The Centaur

by Algernon Blackwood

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"For my own part I find in some of these abnormal or supernormal facts the strongest suggestions in favor of a superior consciousness being possible. I doubt whether we shall ever understand some of them without using the very letter of Fechner's conception of a great reservoir in which the memories of earth's inhabitants are pooled and preserved, and from which, when the threshold lowers or the valve opens, information ordinarily shut out leaks into the mind of exceptional individuals among us."

--WILLIAM JAMES, A Pluralistic Universe

And it was some hours later, while the ship made for the open sea, that he told Dr. Stahl casually of the new arrangement and saw the change come so suddenly across his face. Stahl stood back from the compass-box whereon they leaned, and putting a hand upon his companion's shoulder, looked a moment into his eyes. With surprise O'Malley noted that the pose of cynical disbelief was gone; in its place was sympathy, interest, kindness. The words he spoke came from his heart.

"Is that true?" he asked, as though the news disturbed him.

"Of course. Why not? Is there anything wrong?" He felt uneasy. The doctor's manner confirmed the sense that he had done a rash thing. Instantly the barrier between the two crumbled and he lost the first feeling of resentment that his friends should be analyzed. The men thus came together in unhindered sincerity.

"Only," said the doctor thoughtfully, half gravely, "that--I may have done you a wrong, placed you, that is, in a position of--" he hesitated an instant,--"of difficulty. It was I who suggested the change."

O'Malley stared at him.

"I don't understand you quite."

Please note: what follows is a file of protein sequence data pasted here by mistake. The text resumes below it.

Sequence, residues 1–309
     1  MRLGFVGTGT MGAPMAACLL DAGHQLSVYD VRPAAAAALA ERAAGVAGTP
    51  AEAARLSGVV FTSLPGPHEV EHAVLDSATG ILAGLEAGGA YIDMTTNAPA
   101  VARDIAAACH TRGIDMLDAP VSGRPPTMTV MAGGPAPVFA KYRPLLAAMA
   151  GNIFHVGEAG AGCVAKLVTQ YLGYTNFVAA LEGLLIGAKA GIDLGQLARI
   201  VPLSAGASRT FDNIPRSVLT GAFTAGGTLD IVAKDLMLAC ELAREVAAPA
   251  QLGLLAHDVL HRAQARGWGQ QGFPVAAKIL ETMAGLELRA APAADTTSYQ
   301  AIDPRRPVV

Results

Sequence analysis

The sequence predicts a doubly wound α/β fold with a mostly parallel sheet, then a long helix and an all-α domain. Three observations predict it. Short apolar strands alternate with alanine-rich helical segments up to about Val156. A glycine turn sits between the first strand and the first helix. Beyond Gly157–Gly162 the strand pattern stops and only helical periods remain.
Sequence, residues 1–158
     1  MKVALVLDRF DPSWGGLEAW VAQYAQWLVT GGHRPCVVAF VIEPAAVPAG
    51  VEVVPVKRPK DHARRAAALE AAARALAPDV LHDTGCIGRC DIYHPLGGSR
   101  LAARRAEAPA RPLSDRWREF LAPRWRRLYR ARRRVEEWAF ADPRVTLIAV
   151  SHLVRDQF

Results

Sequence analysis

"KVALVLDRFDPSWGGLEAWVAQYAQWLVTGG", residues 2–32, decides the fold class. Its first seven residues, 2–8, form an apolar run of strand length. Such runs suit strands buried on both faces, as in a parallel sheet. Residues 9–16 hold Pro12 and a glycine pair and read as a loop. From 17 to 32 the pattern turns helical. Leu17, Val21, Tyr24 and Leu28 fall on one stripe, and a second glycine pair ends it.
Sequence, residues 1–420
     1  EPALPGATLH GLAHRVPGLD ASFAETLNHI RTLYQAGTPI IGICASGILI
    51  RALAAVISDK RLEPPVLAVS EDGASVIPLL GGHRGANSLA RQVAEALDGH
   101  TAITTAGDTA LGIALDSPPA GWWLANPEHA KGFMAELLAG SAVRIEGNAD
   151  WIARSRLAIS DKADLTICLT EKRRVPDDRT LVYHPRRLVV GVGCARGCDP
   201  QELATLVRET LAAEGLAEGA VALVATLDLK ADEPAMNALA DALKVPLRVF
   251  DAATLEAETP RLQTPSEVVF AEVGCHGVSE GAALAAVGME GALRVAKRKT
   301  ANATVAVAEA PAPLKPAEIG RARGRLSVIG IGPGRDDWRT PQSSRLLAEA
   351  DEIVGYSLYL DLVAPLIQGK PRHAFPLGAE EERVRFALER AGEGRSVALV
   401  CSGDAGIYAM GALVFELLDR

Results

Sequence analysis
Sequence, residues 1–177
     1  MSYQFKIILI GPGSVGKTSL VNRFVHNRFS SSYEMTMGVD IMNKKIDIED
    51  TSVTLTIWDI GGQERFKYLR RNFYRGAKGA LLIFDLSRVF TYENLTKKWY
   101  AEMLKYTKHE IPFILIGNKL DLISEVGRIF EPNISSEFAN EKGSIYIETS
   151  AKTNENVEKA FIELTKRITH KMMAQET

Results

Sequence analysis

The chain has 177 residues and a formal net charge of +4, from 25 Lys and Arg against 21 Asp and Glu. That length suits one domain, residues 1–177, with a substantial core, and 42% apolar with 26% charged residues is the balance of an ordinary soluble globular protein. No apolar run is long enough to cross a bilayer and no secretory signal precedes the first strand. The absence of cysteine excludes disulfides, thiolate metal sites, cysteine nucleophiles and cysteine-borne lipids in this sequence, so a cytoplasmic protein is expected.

"It is this," continued the other, still holding him with his eyes. He said it deliberately. "I have known you for some time, formed-er--an opinion of your type of mind and being--a very rare and curious one, interesting me deeply--"

"I wasn't aware you'd had me under the microscope," O'Malley laughed, but restlessly.

"Though you felt it and resented it--justly, I may say--to the point of sometimes avoiding me--"

"As doctor, scientist," put in O'Malley, while the other, ignoring the interruption, continued in German:--

"I always had the secret hope, as 'doctor and scientist,' let us put it then, that I might one day see you in circumstances that should bring out certain latent characteristics I thought I divined in you. I wished to observe you--your psychical being--under the stress of certain temptations, favorable to these characteristics. Our brief voyages together, though they have so kindly ripened our acquaintance into friendship"--he put his hand again on the other's shoulder smiling, while O'Malley replied with a little nod of agreement--"have, of course, never provided the opportunity I refer to--"


"Until now!" the doctor added. "Until now."

Puzzled and interested the Irishman waited for him to go on, but the man of science, who was now a ship's doctor, hesitated. He found it difficult, apparently, to say what was in his thoughts.

"You refer, of course, though I hardly follow you quite--to our big friends?" O'Malley helped him.

The adjective slipped out before he was aware of it. His companion's expression admitted the accuracy of the remark. "You also see them--big, then?" he said, quickly taking him up. He was not cross-questioning; out of keen sympathetic interest he asked it.

"Sometimes, yes," the Irishman answered, more astonished. "Sometimes only--"

"Exactly. Bigger than they really are; as though at times they gave out--emanated--something that extended their appearance. Is that it?"

O'Malley, his confidence wholly won, more surprised, too, than he quite understood, seized Stahl by the arm and drew him toward the rails. They leaned over, watching the sea. A passenger, pacing the decks before dinner, passed close behind them.

"But, doctor," he said in a hushed tone as soon as the steps had died away, "you are saying things that I thought were half in my imagination only, not true in the ordinary sense quite--your sense, I mean?"